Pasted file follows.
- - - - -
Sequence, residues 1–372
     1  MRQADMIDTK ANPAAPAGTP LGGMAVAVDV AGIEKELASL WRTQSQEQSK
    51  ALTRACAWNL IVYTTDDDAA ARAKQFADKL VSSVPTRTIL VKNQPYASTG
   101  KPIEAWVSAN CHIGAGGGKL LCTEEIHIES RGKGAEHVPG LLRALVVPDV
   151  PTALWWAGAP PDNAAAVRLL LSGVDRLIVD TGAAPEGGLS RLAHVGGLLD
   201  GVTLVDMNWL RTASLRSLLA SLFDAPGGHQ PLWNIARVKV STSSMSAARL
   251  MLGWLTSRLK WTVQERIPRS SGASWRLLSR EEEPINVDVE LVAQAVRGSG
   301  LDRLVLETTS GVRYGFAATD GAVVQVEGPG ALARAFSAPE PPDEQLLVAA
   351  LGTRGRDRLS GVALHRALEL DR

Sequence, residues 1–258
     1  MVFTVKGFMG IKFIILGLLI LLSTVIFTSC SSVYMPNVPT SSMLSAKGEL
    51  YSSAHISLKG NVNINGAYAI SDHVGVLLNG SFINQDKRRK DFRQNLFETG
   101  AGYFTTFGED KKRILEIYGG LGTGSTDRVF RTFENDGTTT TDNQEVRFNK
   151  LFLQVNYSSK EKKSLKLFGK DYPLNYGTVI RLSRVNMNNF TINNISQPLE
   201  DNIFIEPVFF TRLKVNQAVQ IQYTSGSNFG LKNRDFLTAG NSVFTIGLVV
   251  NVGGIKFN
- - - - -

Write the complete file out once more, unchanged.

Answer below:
Sequence, residues 1–372
     1  MRQADMIDTK ANPAAPAGTP LGGMAVAVDV AGIEKELASL WRTQSQEQSK
    51  ALTRACAWNL IVYTTDDDAA ARAKQFADKL VSSVPTRTIL VKNQPYASTG
   101  KPIEAWVSAN CHIGAGGGKL LCTEEIHIES RGKGAEHVPG LLRALVVPDV
   151  PTALWWAGAP PDNAAAVRLL LSGVDRLIVD TGAAPEGGLS RLAHVGGLLD
   201  GVTLVDMNWL RTASLRSLLA SLFDAPGGHQ PLWNIARVKV STSSMSAARL
   251  MLGWLTSRLK WTVQERIPRS SGASWRLLSR EEEPINVDVE LVAQAVRGSG
   301  LDRLVLETTS GVRYGFAATD GAVVQVEGPG ALARAFSAPE PPDEQLLVAA
   351  LGTRGRDRLS GVALHRALEL DR

Sequence, residues 1–258
     1  MVFTVKGFMG IKFIILGLLI LLSTVIFTSC SSVYMPNVPT SSMLSAKGEL
    51  YSSAHISLKG NVNINGAYAI SDHVGVLLNG SFINQDKRRK DFRQNLFETG
   101  AGYFTTFGED KKRILEIYGG LGTGSTDRVF RTFENDGTTT TDNQEVRFNK
   151  LFLQVNYSSK EKKSLKLFGK DYPLNYGTVI RLSRVNMNNF TINNISQPLE
   201  DNIFIEPVFF TRLKVNQAVQ IQYTSGSNFG LKNRDFLTAG NSVFTIGLVV
   251  NVGGIKFN